Another Hot Market
At the end of 2014, the median price for homes in Portola Valley was up for the fifth year in a row, at just under $2.5 million, another all time high. Demand continues to outstrip supply, due to the strength of our local technology driven economy. Just about everything is selling in record time, and 30% of sales were all cash transactions. The vast majority of properties came to market through the Multiple Listing Service, although 10% or so traded privately, off market. With the shortage of inventory we are experiencing, sellers are advised to go the off market route only if they are confident of getting top dollar.
Although Portola Valley prices have moved up dramatically in the last five years, in comparison to many of our neighboring communities, including Palo Alto, Menlo Park and Los Altos, Portola Valley remains a great value where you get more house and more land for the same money. Last year $2.8 million bought a 3100sf home on almost an acre of land whereas in any one of these other communities both the house and lot would have been a fraction of this size.
2014 Portola Valley Neighborhood Update
Central Portola Valley generally refers to the area south of Westridge Drive, west of Alpine Road, and north of Portola Road. However, for real estate trends and tracking purposes, other beautiful areas such as Westridge, Blue Oaks, Willowbrook Road and offshoots of Los Trancos Road and Alpine Road are also included in the numbers. These properties are usually well over an acre, offer larger homes and often lovely foothill views. In 2014 sales in these neighborhoods ranged from two to ten million, with an average of $3.7 million.
Ladera, traditionally one of Portola’s more accessible neighborhoods, took off in 2014 with 22 sales, twice as many as the prior year. Coveted by young working couples and Stanford related families that appreciate it’s close in location, convenient shopping center, recreation facilities and proximity to commute routes, this neighborhood has it all. Multiple offers were the norm in 2014, and homes sold for a premium of 11% over the list price. The average sale price moved up a sharp 19% to $2.1 million, disappointing many buyers who couldn’t come close to making that jump.
Portola Valley Ranch also saw a big step up in activity. The new generation of buyers is a mix of middle aged couples downsizing from high maintenance properties and young couples with small children, both of whom favor the natural open space setting of this planned community with its spacious homes and wonderful amenities maintained by a diligent HOA. The new playground, miles of hiking trails, pools, tennis courts, winery, exercise room and clubhouse offer the quintessential California lifestyle for a manageable monthly fee. In 2014 the average sale in the ranch was $2.6 million.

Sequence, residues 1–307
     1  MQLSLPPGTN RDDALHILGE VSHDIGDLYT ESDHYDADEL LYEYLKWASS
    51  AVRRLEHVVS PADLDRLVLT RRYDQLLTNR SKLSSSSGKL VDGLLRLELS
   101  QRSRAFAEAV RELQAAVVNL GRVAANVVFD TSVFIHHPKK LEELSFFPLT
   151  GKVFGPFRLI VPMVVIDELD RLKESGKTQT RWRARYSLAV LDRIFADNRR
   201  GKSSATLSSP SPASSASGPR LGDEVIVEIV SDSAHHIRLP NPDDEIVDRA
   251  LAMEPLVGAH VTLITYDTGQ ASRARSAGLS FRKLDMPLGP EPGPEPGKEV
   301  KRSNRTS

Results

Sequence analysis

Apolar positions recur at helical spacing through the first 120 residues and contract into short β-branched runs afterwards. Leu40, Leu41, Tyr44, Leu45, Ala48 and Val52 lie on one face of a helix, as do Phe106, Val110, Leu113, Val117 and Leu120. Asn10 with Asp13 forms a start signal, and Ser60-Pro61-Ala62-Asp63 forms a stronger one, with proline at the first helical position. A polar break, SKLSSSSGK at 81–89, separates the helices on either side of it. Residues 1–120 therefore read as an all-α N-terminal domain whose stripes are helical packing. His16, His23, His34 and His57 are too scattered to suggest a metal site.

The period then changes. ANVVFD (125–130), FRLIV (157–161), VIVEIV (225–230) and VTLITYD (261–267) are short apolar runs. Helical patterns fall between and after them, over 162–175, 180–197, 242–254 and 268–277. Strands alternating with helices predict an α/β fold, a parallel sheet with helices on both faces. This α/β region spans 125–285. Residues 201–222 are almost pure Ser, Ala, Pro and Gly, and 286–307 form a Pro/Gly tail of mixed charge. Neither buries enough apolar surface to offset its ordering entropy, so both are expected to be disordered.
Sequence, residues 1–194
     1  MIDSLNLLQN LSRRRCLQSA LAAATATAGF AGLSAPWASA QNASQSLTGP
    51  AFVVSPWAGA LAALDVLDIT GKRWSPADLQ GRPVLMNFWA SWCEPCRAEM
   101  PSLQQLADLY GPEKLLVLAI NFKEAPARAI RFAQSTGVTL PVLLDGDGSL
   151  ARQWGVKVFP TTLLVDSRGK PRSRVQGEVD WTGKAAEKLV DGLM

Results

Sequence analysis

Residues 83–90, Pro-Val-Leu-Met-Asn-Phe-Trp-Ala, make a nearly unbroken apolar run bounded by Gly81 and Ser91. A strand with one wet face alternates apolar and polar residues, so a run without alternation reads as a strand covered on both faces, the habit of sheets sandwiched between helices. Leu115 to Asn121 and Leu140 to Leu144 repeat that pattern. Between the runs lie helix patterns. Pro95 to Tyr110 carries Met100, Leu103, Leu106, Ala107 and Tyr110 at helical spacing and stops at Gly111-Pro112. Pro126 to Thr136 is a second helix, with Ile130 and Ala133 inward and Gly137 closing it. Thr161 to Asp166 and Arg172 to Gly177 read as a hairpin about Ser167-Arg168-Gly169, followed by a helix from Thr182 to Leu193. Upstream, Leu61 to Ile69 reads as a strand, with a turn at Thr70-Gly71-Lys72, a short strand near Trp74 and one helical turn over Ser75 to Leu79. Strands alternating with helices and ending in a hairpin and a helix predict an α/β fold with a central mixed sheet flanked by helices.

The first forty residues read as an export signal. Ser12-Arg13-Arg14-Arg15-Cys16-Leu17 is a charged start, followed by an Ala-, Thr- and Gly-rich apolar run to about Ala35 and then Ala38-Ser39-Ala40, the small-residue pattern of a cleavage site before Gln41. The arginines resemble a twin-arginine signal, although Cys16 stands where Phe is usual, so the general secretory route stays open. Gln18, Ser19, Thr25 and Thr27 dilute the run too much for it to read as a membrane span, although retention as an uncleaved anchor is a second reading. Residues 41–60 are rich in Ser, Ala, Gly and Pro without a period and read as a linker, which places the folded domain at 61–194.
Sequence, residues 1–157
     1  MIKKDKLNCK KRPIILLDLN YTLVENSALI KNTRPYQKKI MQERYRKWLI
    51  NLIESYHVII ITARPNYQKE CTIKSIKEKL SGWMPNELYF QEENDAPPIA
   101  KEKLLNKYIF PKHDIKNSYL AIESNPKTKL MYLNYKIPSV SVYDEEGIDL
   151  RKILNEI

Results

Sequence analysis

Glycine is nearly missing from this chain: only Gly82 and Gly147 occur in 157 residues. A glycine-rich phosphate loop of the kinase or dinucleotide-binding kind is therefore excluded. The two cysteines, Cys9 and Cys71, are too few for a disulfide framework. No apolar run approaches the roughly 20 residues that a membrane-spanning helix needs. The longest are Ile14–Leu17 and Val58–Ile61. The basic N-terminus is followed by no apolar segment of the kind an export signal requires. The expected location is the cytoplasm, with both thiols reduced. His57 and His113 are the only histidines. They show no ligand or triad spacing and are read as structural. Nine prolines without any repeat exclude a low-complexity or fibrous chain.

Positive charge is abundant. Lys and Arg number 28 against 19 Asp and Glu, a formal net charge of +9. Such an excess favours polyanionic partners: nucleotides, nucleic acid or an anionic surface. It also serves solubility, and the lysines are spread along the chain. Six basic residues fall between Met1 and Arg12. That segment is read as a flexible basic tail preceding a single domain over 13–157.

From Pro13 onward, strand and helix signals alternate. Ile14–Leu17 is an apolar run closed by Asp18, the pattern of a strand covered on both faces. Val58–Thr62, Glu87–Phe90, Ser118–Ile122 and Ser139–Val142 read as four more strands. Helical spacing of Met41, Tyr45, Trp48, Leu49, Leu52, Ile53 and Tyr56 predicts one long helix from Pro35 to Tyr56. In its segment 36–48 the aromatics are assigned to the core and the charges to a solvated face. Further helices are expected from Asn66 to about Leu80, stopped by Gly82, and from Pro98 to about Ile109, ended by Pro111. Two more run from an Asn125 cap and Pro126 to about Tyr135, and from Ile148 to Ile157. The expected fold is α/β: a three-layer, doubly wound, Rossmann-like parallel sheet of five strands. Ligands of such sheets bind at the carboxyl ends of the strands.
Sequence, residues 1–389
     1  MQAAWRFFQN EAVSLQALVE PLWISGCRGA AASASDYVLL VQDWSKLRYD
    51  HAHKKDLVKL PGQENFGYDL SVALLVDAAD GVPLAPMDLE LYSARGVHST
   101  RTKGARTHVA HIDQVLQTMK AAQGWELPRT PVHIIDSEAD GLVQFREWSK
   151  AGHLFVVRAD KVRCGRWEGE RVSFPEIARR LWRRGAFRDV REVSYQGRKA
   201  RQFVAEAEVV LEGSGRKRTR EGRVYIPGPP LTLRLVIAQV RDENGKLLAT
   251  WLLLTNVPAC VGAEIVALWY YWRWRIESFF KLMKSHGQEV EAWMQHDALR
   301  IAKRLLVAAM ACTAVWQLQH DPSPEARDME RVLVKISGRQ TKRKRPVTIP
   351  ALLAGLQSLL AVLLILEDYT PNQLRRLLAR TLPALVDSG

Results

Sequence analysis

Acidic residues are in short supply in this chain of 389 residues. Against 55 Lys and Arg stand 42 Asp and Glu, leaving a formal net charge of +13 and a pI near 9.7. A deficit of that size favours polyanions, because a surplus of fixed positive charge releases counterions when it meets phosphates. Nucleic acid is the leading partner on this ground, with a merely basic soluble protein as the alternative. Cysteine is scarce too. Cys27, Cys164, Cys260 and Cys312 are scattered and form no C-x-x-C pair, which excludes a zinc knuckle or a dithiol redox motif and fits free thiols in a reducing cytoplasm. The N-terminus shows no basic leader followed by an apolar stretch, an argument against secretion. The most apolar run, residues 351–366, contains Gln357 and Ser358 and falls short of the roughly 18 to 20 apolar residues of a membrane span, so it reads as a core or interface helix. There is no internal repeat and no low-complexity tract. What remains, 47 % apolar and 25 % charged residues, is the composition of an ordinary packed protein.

The most remote of Portola Valley’s neighborhoods, Los Trancos and Vista Verde, have neighborhood associations that keep them closely knit with social events like a spring progressive dinner, a summer community picnic and Halloween celebrations. This year one notable event in the neighborhood was the donation of 80 and the auction of 160 military tanks from the huge Jacques Littlefield collection of military vehicles, formerly housed at 499 Old Spanish Trail. Littlefield’s unique compound on 19 acres at 497 Old Spanish Trail was also listed for sale last year for $13.9 million but did not sell yet. The average neighborhood sale in 2014 was $1.8 million.
The Woodside Highlands neighborhood is small and wooded, very retreat-like, with hilly, narrow streets. Last year it had only three sales at an average sale price of $1.7 million. Due to the topography of this little pocket and the challenge of navigating its streets, it has a targeted appeal.
Activity in the Brookside / Corte Madera neighborhood was also slow in 2014 with only three sales, a third of the prior year’s. Like Ladera, the lots and homes in this area tend to be smaller and less expensive than in Central Portola Valley, but it has a nice neighborhood feel and is close to the shops at the intersection of Portola and Alpine Roads. The average price in 2014 was $2 million.
Outlook for Portola Valley Housing in 2015
Looking forward, it’s hard to predict if the market will continue its climb, plateau or decline this year. At a statewide level, the California Association of Realtors is predicting price gains of 5.2 percent which is relatively moderate growth after 3 years of double-digit gains.
After the dot.com boom in 2000, the market bottomed out in 2002 then improved for six years, peaking in 2008, then bottomed out again in 2009 after the financial crisis. 2014 was the fifth year of an up market cycle, and the real estate market tends to move in seven to ten year cycles. The local economic outlook remains strong, employment and consumer confidence are up, and interest rates are still low. 2015 may be another good year for sellers and the opportune time to bring their properties to market rather than trying to time the peak and possibly miss it. An uptick in inventory might allow prices to plateau so more buyers can get in. This would be a welcome change since San Mateo County is now the second least affordable county in the state according to a recent study with a housing affordability index of 14% compared to the statewide average of 30% and the national average of 57%.
If you are interested in buying or selling in Portola Valley please give me a call.